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What can physicians and healthcare executives do to ensure stroke victims are receiving high-quality, expedient treatment?
Each year, almost 800,000 Americans suffer a stroke. It’s the third leading cause of death in the U.S. and it’s a top cause of serious, long-term disability. But some states force stroke victims to be taken instead to local hospitals rather than a comprehensive stroke-treatment facility. When it comes to the treatment of stroke, we all know that time is brain tissue, and any delay can have significant, powerful negative impacts on outcomes for patients. Not all hospitals are created equal when it comes to stroke treatment, so what can we as physicians and healthcare executives do to ensure that the patients that we are responsible for caring for are receiving the best and most expedient stroke care?
Welcome to the Clinical Divide. I’m Dr. Kevin Campbell, a Duke-trained cardiologist and CEO of the health data startup PaceMate. Every week, this Healthcare Analytics News™ video series examines healthcare technology and medicine’s top news. It’s my job to bring you the views that help physicians and healthcare executives bridge the gap and bridge the clinical divide.
Research suggests the chances of recovering from a stroke rise exponentially with quick access to an innovative treatment called a mechanical thrombectomy. This procedure allows physicians to remove a blood clot — that’s called an embolus — from the brain before irreversible brain tissue damage can occur, which for the patient could be the difference between a full recovery or life in a nursing home, dependent on others. Each year, 700,000 Americans have strokes caused by embolic events. Twenty-five percent of these strokes are severe and significantly impact both quality and quantity of life. And despite our nation having more than 1,000 certified “primary stroke centers,” most don’t perform this procedure for a multiplicity of reasons.
Here’s an example: Holy Cross Hospital is a primary stroke center, and is the only hospital in Silver Spring, Maryland. They handle 500 stroke cases a year. However, if a stroke victim comes in and is a candidate for a thrombectomy, they are transferred to other hospitals in Washington, D.C., or Baltimore, such as Johns Hopkins and others. The center follows Maryland state requirements for transferring victims within two hours. However, when it comes to stroke, two hours is two hours too late. The patients who do best with thrombectomy typically are treated within the first 90 minutes of onset symptoms.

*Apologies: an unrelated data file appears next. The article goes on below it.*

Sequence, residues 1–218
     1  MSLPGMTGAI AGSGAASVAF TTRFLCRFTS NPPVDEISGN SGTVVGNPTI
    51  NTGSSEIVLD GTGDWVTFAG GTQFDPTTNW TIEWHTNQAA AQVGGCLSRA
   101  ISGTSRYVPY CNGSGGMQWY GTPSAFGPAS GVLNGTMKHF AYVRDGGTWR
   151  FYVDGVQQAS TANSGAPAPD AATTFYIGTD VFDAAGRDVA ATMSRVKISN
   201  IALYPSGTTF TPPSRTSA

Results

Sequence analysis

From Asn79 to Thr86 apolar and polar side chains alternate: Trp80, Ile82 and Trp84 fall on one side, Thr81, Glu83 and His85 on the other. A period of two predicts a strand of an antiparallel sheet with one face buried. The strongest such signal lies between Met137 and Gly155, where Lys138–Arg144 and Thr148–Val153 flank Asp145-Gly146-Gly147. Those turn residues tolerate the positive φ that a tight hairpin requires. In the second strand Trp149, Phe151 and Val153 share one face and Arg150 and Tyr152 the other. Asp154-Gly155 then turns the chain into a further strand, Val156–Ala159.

Stroke victims need to have the procedure done immediately — we can’t wait for transfer. Waiting up to two hours can cause serious harm. These delays are completely unacceptable. And despite studies that show that thrombectomies lead to far better outcomes for the stroke victim, the American Heart Association and the American Stroke Association said that the benefit of bypassing hospitals that don’t have this to go to a hospital that does have the ability to do a thrombectomy was uncertain. I’m not sure what they’re thinking. This sounds like politics getting involved in the adjudication of treatments, in my opinion. Certificates of need, large hospital conglomerates that want to squash competitors and money probably plays a role in limiting access. Additionally, doctors have to be trained at a high level to perform these procedures and convinced to go to underserved areas where smaller hospitals exist.
As physicians and health executives, we need to urge these organizations to change these guidelines to ensure that our patients are getting immediate access to this potentially lifesaving treatment. We’ve got to work hard to recruit talented doctors to smaller cities. We must advocate for our patients and provide them with the best care possible—even if they don’t live in a major metropolitan area like New York City, LA or Chicago. We are talking about life and probable death or at least severe brain damage here. This is absolutely unacceptable, and we have to work together to influence decision makers at all levels — this may mean government, healthcare systems, insurers and others. This is how we can better serve patients who present to ERs all over the U.S. with stroke. No longer is transfer acceptable for the treatment of stroke.
Thank you for joining me for this episode of the Clinical Divide. Until next week, I’m Dr. Kevin Campbell, for Healthcare Analytics News™.
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